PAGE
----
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PhD Dissertation Defense:Merve Zuvin 13-12-2018

 

THERMAL AND MECHANICAL MANIPULATION OF IRON OXIDE NANOPARTICLES FOR TARGETED DRUG/GENE DELIVERY AND THERAPEUTICS

 

 

 

 

 

Merve Zuvin
Mechatronics Engineering, PhD Dissertation, 2019

 

 

 

Thesis Jury

 

Prof. Dr. Ali Koşar (Thesis Advisor), Prof. Dr. Devrim Gözüaçık, Prof. Dr. Kürşat Şendur, Assoc. Prof. Dr. Havva Yağcı Acar, Assist. Prof. Dr. Yegan Erdem

 

 

 

 

 

Date & Time: 4th, January 2019 –  11.00 AM

 

Place: Collaboration Space IC

Keywords : Hyperthermia, induction heating, breast cancer, superparamagnetic iron oxide nanoparticles, magnetic actuation, magnetofection

 

 

 

Abstract

 

 

 

Superparamagnetic iron oxide nanoparticles provide a platform to deliver therapeutic agents to any desired group of cells in a safe fashion. These particles can be manipulated by externally applied magnetic fields, targeted to specific tissues and heated in focused fields for cancer treatment. Hyperthermia performance of SPIONs depends on the magnetic field strength as well as the field frequency. A part of this dissertation displays the therapeutic effect of Poly(acrylic acid)-coated, anti-HER2-tagged SPIONs on breast cancer cells using a low magnetic field strength of 0.8 kAm-1, which is significantly lower compared to the literature, with a frequency of 400 kHz. HER2-positive SKBR3 and MDA-MB-453 cell lines successfully internalized the nanoparticles. The particles, which were not toxic to these cell lines, led to a prominent decrease in cell proliferation and survival in MDA-MB-453 cells when subjected to hyperthermia.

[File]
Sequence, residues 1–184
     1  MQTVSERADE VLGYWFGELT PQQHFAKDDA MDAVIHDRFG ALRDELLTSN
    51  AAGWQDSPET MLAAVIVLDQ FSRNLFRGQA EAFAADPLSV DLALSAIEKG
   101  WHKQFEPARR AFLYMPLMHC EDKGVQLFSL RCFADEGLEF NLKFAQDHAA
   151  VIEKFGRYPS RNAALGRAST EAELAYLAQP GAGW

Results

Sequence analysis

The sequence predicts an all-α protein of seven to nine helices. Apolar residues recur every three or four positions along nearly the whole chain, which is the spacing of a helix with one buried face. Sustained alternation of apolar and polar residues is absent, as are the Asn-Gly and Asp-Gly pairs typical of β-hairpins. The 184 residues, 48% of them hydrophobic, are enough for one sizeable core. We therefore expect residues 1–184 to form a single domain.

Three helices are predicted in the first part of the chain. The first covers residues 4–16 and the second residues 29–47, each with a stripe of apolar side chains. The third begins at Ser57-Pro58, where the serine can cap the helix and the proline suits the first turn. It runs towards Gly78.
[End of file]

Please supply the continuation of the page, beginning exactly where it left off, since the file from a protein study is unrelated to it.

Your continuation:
Gene therapy is another developing method for the treatment of various diseases. A strong alternative is magnetofection, which involves the use of SPIONs  and external magnetic field to enhance the localization of SPIONs at the target site. A new magnetic actuation system consisting of four rare earth magnets on a rotary table was designed and manufactured to have improved magnetofection. The actuation effect was revealed with green fluorescent protein DNA bearing-nanoparticle transfection to MCF7 cells. The applied magnetic field in this system increased the transfection efficiency and viability relative to traditional transfection methods. At the same time, it also reduced the transfection time (down to 1 hour) of the standard polyethylenimine transfection protocol.